Leighton Andrews, Minister for Education and Skills
In February I announced my intention to establish a new School Standards Unit within my department. The Unit was established in May and one of its first tasks has been to develop the national banding system for schools as part of the improvement agenda that I set out in my February address.
As we approach the end of term I want to update colleagues on progress in developing the system, to set out what the system will achieve and outline the key actions planned for the autumn term.
The introduction of a banding system is one of a suite of policy actions designed to give us a clearer focus on our performance and progress. The system will group secondary and primary schools into bands reflecting their outcomes and progress, taking account of the challenge they face from socio-economic circumstances. Special schools will not be banded.
The banding system will use national data sets to provide a consistent approach to grouping schools according to where they are on their improvement journey. It will give the School Standards Unit a starting point for discussion with consortia and local authorities about priorities for support and challenge. In turn, it will give consortia and local authorities a starting point for discussion with schools; it will provide a basis upon which to direct our resources to where they are needed most to ensure we secure the improvements necessary in our school system.
Banding is NOT about labelling schools, naming and shaming or creating a divisive league table. It is about grouping our schools according to a range of factors to establish priorities for differentiated support and identifying those from whom the sector can learn.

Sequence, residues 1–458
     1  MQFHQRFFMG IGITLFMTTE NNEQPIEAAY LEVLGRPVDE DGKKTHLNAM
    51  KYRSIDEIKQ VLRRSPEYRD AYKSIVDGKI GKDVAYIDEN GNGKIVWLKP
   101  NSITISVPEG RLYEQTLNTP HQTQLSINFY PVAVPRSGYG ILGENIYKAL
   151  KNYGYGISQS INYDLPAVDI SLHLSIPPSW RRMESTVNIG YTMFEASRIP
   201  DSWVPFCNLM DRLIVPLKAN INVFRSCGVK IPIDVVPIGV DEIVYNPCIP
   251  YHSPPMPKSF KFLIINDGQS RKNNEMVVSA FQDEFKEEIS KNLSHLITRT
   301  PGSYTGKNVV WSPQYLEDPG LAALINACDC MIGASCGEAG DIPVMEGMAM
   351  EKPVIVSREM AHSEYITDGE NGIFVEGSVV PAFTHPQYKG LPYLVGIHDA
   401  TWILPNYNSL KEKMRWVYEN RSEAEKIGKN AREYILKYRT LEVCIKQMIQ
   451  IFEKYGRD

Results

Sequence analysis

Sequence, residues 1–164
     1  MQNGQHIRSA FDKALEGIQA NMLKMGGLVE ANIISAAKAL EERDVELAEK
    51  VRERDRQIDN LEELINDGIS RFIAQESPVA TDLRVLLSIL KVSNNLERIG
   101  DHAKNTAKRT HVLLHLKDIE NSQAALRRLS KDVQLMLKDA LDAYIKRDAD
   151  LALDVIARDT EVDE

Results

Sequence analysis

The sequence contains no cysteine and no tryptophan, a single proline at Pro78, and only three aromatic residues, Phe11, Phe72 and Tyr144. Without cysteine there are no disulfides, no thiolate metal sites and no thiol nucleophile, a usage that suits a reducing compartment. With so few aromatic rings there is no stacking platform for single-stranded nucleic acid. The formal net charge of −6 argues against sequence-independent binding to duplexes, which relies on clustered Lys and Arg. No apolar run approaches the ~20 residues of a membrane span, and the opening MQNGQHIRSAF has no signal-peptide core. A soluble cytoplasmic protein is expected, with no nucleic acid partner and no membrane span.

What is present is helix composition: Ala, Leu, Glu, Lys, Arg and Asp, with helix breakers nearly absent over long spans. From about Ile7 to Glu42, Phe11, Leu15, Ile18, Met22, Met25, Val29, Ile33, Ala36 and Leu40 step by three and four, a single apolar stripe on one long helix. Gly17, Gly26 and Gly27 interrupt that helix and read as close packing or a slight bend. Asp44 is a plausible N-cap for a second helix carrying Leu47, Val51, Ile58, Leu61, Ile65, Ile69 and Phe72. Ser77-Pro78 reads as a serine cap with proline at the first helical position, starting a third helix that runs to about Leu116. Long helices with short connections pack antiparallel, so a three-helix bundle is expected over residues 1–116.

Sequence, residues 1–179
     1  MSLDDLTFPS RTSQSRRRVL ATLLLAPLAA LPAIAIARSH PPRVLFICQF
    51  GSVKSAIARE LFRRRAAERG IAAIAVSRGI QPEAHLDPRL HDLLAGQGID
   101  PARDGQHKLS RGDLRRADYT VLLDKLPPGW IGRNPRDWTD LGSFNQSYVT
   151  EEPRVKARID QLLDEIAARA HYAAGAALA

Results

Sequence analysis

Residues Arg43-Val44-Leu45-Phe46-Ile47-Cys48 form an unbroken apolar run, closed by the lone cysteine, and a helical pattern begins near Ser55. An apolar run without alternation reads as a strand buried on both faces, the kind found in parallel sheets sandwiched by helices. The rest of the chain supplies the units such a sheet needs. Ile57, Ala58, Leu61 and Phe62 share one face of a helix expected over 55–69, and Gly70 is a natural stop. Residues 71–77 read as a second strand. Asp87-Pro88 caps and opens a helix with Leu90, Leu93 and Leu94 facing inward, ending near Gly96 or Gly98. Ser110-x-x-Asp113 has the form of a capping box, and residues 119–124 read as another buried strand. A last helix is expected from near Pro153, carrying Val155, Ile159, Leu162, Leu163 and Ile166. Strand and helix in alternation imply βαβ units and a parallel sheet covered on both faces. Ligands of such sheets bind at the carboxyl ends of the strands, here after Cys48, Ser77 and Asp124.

The national school banding system is a tool to help us be effective in driving improvement across the board. The most important aspect of banding will be the support, challenge and sharing of best practice that follow. The development of a framework and statutory guidance to support this will be key to delivering long term, sustainable improvements.
The School Standards Unit has worked closely with the sector. As a result of this work we currently have a pilot banding system for secondary schools which uses a mix of data to reflect most recent outcomes, progress over time, contextual results and value added data. The School Standards Unit is testing this model in the first round of consortium stocktakes this term.
Following feedback from all local authorities this term, the model for secondary schools will be refined and finalised in time for the start of the new academic year. Work has begun on the primary school banding model which will be based on the same principles as the secondary model using national data sets, recent outcomes, progress and context.
It is important that schools, those involved in supporting them on their improvement journey, and parents understand which band their school is in, what it means in terms of support and challenge and priorities for improvement. That is why I have arranged for the sector to receive notification today about the progress we have made and the planned next steps in implementation of the school banding system.
Early in the autumn term each secondary school will receive details of the band into which they have been placed, the data on which the banding has been based and detailed guidance to help them interpret and understand the banding. We will also share the banding information with local authorities and support the implementation of the system with a suite of communication materials and activities to ensure as complete an understanding of the system and its purpose as possible.
For secondary schools, this initial banding will use data up to the 2010 external examination results. This is to ensure that schools, governing bodies and local authorities have banding information alongside other key performance information to inform discussion on relative performance and target setting early in the autumn term. Once we have data for the 2011 examinations the banding will be updated and the revised information sent to schools.
As work progresses with development of the model for primary schools I will keep colleagues updated and communicate a timeline for release of information.